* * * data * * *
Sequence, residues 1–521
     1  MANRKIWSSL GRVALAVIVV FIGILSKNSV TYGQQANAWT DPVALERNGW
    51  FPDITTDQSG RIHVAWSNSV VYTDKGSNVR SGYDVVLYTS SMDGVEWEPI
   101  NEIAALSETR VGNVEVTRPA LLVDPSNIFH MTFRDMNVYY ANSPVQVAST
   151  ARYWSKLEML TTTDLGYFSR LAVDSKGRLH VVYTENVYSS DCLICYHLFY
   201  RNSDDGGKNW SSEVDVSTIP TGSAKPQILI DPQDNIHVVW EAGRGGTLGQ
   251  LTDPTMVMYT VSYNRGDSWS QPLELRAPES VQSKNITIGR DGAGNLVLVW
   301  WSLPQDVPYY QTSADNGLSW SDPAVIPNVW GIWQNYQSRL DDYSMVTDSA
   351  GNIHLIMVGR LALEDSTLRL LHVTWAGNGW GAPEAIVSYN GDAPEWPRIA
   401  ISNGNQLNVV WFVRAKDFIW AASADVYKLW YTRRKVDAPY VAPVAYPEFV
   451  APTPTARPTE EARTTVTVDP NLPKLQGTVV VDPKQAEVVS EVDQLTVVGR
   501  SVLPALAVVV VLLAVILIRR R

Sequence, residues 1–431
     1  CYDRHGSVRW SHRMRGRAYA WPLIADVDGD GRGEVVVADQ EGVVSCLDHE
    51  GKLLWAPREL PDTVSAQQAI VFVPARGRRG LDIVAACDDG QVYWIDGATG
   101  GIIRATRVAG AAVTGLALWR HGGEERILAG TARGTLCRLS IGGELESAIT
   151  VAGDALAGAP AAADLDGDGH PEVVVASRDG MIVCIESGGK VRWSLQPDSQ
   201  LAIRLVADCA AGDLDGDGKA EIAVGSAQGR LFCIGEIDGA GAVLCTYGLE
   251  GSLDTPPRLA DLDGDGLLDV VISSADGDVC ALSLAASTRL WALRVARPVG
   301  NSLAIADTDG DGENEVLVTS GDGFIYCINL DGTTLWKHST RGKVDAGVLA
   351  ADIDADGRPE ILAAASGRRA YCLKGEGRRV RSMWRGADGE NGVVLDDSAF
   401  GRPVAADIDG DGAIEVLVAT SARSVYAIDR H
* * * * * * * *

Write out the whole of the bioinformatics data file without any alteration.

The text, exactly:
Sequence, residues 1–521
     1  MANRKIWSSL GRVALAVIVV FIGILSKNSV TYGQQANAWT DPVALERNGW
    51  FPDITTDQSG RIHVAWSNSV VYTDKGSNVR SGYDVVLYTS SMDGVEWEPI
   101  NEIAALSETR VGNVEVTRPA LLVDPSNIFH MTFRDMNVYY ANSPVQVAST
   151  ARYWSKLEML TTTDLGYFSR LAVDSKGRLH VVYTENVYSS DCLICYHLFY
   201  RNSDDGGKNW SSEVDVSTIP TGSAKPQILI DPQDNIHVVW EAGRGGTLGQ
   251  LTDPTMVMYT VSYNRGDSWS QPLELRAPES VQSKNITIGR DGAGNLVLVW
   301  WSLPQDVPYY QTSADNGLSW SDPAVIPNVW GIWQNYQSRL DDYSMVTDSA
   351  GNIHLIMVGR LALEDSTLRL LHVTWAGNGW GAPEAIVSYN GDAPEWPRIA
   401  ISNGNQLNVV WFVRAKDFIW AASADVYKLW YTRRKVDAPY VAPVAYPEFV
   451  APTPTARPTE EARTTVTVDP NLPKLQGTVV VDPKQAEVVS EVDQLTVVGR
   501  SVLPALAVVV VLLAVILIRR R

Sequence, residues 1–431
     1  CYDRHGSVRW SHRMRGRAYA WPLIADVDGD GRGEVVVADQ EGVVSCLDHE
    51  GKLLWAPREL PDTVSAQQAI VFVPARGRRG LDIVAACDDG QVYWIDGATG
   101  GIIRATRVAG AAVTGLALWR HGGEERILAG TARGTLCRLS IGGELESAIT
   151  VAGDALAGAP AAADLDGDGH PEVVVASRDG MIVCIESGGK VRWSLQPDSQ
   201  LAIRLVADCA AGDLDGDGKA EIAVGSAQGR LFCIGEIDGA GAVLCTYGLE
   251  GSLDTPPRLA DLDGDGLLDV VISSADGDVC ALSLAASTRL WALRVARPVG
   301  NSLAIADTDG DGENEVLVTS GDGFIYCINL DGTTLWKHST RGKVDAGVLA
   351  ADIDADGRPE ILAAASGRRA YCLKGEGRRV RSMWRGADGE NGVVLDDSAF
   401  GRPVAADIDG DGAIEVLVAT SARSVYAIDR H